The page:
The more serious issue, to be honest, is why 88 folders are still listed as containing more than one FLAC, considering that the logic of the fixup script simply shouldn't permit that to happen!

Well, the fundamental issue here turned out to be bad tagging on my part, rather than a reluctance on the part of me or the fixup script to create SuperFLACs. The fixup script only combines multiple FLACs into one SuperFLAC when they are contained within a single folder. If you've managed to tag the same composition in two separate folders, the fixup script won't see them as candidates for consolidation. All you really can do at this point, therefore, is work your way through Niente's Report Menu Option 12, line by line, and try and work out what's going on.

Here's an example that happened to me:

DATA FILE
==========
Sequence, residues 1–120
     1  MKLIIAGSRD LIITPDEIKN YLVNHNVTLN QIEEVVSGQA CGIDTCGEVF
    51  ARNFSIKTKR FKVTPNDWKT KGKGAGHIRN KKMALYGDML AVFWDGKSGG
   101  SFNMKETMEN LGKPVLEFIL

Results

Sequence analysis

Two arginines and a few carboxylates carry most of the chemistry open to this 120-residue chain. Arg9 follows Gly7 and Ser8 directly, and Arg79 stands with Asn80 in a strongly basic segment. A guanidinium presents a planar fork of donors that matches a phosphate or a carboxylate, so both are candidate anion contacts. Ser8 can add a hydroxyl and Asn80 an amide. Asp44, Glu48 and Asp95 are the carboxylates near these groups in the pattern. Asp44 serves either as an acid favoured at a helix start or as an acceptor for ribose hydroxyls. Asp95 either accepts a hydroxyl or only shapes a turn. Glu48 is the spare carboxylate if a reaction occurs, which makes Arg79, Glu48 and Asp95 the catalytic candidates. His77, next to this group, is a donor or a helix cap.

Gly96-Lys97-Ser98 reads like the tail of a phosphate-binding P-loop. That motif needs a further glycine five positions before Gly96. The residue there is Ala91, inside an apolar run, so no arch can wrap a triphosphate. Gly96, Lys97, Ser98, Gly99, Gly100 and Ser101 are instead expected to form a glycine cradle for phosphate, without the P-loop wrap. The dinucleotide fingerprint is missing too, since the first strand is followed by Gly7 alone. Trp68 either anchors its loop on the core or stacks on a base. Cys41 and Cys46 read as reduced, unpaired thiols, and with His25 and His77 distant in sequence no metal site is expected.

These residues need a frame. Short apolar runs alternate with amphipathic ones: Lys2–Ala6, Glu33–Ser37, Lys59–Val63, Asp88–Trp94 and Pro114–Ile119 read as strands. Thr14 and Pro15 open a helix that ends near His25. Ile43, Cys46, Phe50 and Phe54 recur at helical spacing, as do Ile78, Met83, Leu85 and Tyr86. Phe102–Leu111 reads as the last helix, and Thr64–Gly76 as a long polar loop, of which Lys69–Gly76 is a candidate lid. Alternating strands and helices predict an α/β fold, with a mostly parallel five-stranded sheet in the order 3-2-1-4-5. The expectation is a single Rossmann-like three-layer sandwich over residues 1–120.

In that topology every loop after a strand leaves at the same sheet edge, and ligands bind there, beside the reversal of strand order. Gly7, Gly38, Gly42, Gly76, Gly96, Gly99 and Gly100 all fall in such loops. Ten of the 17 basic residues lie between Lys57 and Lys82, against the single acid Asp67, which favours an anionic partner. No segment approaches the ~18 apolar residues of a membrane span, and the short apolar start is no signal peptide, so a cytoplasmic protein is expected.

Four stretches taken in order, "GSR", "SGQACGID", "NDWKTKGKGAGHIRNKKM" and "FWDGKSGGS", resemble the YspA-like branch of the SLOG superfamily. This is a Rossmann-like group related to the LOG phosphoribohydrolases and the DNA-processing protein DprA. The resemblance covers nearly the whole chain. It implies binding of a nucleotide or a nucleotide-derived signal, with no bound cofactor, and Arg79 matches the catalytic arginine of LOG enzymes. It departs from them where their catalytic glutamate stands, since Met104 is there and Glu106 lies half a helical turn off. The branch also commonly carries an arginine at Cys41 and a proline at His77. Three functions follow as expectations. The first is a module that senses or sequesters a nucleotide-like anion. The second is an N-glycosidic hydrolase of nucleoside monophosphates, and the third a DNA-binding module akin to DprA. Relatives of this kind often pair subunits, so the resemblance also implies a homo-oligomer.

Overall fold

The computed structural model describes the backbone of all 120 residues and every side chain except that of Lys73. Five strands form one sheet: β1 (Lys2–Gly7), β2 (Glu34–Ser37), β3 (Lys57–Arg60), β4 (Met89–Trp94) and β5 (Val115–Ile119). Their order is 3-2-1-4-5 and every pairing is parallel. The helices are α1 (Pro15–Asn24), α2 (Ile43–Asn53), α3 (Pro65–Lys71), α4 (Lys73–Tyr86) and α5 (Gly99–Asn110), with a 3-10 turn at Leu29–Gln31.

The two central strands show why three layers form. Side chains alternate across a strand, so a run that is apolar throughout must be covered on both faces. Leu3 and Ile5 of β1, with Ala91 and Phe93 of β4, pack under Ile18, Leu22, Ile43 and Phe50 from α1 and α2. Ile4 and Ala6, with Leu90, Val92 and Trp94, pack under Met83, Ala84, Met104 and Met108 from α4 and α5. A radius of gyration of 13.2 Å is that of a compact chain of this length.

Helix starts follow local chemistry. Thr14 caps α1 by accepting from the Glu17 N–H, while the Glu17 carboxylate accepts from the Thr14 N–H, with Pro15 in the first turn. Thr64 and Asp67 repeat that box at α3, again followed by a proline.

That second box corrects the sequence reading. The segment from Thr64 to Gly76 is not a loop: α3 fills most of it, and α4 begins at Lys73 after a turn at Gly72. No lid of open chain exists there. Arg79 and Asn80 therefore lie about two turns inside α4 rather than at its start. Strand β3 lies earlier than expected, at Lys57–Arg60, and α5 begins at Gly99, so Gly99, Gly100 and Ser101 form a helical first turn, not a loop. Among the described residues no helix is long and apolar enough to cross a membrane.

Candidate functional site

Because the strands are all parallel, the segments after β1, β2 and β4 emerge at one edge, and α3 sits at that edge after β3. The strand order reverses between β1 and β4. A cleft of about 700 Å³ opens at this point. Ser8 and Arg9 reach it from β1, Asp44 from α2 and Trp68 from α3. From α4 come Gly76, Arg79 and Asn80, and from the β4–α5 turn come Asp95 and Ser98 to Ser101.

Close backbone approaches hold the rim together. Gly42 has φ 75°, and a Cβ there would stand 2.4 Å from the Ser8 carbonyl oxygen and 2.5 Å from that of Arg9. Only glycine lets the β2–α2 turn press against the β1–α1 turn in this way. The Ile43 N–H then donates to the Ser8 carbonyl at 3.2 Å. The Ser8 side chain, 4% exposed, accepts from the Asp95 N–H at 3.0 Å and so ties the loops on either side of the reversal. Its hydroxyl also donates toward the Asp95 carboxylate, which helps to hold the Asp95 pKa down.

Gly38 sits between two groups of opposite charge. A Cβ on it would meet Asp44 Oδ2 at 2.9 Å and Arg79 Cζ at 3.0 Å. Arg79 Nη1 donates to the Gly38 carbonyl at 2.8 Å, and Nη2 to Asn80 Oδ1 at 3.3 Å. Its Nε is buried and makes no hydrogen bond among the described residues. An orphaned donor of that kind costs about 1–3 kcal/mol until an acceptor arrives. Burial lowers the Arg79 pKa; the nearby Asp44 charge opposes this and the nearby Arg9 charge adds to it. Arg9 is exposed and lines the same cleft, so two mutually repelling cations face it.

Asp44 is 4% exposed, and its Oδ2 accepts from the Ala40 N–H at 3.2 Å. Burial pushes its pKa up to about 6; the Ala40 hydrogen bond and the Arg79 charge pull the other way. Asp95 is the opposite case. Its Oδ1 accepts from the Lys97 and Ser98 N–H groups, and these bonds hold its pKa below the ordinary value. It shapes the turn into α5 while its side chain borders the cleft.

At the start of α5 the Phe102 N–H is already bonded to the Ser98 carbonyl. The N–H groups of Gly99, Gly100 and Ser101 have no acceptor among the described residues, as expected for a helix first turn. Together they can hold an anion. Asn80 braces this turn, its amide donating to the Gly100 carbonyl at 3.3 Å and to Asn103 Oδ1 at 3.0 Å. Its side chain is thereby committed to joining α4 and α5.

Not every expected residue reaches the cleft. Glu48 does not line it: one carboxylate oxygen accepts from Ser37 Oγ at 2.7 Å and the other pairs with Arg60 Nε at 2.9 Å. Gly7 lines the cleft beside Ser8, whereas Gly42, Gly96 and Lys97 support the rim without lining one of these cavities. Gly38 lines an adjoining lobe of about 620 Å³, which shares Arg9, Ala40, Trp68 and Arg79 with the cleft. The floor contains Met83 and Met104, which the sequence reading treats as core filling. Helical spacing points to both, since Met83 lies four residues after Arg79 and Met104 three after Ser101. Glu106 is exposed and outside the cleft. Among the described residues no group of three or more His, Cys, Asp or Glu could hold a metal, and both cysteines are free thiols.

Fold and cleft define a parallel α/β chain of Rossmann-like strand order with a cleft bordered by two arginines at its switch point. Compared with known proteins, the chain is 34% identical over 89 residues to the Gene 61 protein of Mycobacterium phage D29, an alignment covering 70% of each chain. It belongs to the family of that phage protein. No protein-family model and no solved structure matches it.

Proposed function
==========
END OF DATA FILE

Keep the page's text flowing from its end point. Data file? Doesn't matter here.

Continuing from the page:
Here's a folder-full of Schubert symphonies, conducted by assorted people, each recording/composition stored within its own sub-folder. You can see that, from the folder names, I have a Symphony No. 8 and a Symphony No. 9 conducted by Blomstedt in 2021. When you examine the actual FLAC contents of those folders, however, you see that each one only contains a single SuperFLAC already. So how were these folders listed on my Niente report of 'folders containing more than one FLAC'? Well: look at the file names within each of the two folders. Though the folder names are different, the files within each folder are both named 'Symphony No. 8...'. The Niente report groups by whatever is in the ALBUM tag, and that reflects the physical name of the files -so, here, we have two separate symphonies named -and tagged- identically. The two ALBUM tags are identical, so Niente reports them as a multi-FLAC issue... but the fixup script sees that they are in separate folders and thus decides (correctly, as it happens) that they should not be concatenated together.